OncLive: What led to the investigation of guideline-concordant care in relation to survival outcomes in patients with osteosarcoma in California?

Randall: Guideline-concordant care in patients with osteosarcoma in California, primarily steered by Elysia Marie Alvarez, MD, MPH, who is a pediatric oncologist and runs the Pediatric Division of our Sarcoma Services Program at UC Davis. We are a National Cancer Institute [NCI] comprehensive cancer center and have very robust population sciences as well as mechanistic research efforts. [ Guideline-concordant care] is something she's been doing with her population-based study, and she has several grants that have funded her research.

What this study looked at was the application of guideline-concordant care, which is essentially National Comprehensive Cancer Network [NCCN] Guidelines for the way patients with osteosarcoma should be treated or stewarded. We looked at the California database under Dr Alvarez's leadership to see how often patients were getting guideline-concordant care.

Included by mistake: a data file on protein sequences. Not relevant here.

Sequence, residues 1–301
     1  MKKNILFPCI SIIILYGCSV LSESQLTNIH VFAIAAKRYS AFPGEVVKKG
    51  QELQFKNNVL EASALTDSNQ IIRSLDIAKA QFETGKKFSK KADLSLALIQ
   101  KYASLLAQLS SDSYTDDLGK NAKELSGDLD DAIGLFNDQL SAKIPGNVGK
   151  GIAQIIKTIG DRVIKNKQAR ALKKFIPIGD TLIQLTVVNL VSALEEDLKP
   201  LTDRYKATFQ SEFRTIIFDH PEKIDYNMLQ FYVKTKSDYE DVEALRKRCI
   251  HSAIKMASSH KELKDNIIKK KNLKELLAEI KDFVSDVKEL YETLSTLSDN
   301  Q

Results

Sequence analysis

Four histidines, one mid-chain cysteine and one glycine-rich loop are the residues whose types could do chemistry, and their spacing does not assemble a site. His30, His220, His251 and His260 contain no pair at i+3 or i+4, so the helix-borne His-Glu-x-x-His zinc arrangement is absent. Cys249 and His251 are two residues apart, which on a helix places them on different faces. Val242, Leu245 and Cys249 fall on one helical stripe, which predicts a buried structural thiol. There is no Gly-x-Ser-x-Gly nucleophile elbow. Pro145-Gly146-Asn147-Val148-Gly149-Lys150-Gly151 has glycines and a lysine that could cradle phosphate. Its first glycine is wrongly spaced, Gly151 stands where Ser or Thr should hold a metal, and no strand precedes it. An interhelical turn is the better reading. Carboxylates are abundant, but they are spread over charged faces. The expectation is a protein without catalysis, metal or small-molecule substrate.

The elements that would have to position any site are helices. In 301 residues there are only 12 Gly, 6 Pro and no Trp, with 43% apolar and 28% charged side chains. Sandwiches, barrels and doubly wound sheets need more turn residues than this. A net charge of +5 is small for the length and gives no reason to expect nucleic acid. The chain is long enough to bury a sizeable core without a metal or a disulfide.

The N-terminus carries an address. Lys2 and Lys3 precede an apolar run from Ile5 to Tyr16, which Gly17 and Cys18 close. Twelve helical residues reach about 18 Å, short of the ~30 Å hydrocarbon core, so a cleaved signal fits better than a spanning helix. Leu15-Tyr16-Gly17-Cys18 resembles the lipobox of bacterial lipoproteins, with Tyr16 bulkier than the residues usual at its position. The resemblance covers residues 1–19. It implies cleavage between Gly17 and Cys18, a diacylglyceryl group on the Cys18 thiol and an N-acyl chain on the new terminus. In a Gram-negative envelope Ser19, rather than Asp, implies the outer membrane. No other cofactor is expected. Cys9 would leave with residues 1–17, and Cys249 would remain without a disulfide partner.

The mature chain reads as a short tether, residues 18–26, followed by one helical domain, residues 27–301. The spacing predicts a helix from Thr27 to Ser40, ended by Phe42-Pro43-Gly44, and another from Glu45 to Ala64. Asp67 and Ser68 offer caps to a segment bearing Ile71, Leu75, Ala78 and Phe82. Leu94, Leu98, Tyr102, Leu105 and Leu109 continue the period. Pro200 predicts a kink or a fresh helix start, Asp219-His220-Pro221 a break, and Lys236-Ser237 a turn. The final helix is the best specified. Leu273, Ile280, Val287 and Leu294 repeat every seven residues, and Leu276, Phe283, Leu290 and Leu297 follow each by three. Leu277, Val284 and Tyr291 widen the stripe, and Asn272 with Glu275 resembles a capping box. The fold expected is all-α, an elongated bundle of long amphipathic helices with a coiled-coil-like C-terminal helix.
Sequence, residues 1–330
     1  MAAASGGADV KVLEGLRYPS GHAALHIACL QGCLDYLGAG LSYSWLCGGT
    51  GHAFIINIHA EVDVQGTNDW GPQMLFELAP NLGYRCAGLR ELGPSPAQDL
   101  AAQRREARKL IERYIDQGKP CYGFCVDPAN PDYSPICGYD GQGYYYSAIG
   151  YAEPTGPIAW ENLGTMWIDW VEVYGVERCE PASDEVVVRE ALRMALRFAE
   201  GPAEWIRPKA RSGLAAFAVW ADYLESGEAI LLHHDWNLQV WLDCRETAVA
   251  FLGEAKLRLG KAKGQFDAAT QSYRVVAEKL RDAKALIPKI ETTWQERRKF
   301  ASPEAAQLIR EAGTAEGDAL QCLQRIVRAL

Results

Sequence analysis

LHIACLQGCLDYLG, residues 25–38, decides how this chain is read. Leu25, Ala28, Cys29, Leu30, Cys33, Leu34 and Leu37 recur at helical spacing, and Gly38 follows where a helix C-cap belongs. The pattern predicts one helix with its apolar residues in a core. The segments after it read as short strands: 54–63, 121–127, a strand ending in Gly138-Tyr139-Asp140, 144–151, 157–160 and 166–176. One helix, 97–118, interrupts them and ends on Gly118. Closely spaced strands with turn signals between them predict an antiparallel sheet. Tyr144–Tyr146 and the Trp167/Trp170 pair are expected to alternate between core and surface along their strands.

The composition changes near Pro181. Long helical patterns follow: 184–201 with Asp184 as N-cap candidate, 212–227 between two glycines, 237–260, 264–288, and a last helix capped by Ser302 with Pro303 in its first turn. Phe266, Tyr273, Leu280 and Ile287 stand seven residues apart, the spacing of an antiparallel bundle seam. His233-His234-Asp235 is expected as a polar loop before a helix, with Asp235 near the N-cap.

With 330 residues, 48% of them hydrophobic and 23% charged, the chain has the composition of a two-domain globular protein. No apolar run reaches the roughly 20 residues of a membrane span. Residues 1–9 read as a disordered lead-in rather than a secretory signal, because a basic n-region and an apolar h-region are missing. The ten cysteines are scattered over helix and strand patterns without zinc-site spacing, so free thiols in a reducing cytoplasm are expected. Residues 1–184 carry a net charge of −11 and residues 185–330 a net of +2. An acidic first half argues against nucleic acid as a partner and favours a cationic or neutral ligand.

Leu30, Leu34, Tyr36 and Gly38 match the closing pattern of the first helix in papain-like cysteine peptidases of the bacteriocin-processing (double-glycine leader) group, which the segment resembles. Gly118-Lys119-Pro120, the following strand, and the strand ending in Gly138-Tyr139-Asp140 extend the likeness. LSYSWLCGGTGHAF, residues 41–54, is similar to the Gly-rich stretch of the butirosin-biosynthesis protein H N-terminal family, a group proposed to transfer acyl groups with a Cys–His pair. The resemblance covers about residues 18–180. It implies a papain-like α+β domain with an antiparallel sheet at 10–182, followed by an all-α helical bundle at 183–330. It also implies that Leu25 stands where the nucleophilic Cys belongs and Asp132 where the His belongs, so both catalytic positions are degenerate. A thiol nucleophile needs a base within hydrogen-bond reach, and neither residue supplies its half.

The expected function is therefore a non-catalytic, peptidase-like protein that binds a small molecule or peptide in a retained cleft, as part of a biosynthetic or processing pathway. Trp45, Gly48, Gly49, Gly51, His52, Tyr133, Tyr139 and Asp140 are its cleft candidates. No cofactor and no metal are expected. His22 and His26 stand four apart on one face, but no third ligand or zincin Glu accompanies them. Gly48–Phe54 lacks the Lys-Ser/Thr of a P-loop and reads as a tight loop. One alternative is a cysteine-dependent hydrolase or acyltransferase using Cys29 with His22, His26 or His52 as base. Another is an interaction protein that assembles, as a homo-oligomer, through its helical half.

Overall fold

What patient population was investigated throughout the study and what findings were derived?

We had [data for] 1716 patients and just under half of those patients [47%] received guideline-concordant care. The age of diagnosis [spanned] all ages, but the majority [who received guideline-concordant care] were children [67%]; 43% were adolescent young adults, which is defined as ages 15 to 39; and 30% were adults.

What we found was that for patients who did not receive guideline-concordant care and had a metastatic osteosarcoma diagnosis had a greater hazard ratio [HR] for death, meaning that these patients went on to die sooner from their disease than those who [did] have guideline-concordant care. Interestingly, in patients with earlier detected and treated disease, [the HR for death] was not statistically significant. We did find that children and adolescent young adults were more likely [to receive] guideline-concordant care compared with adults. Adults were not getting the NCCN standard roadmap for osteosarcoma care.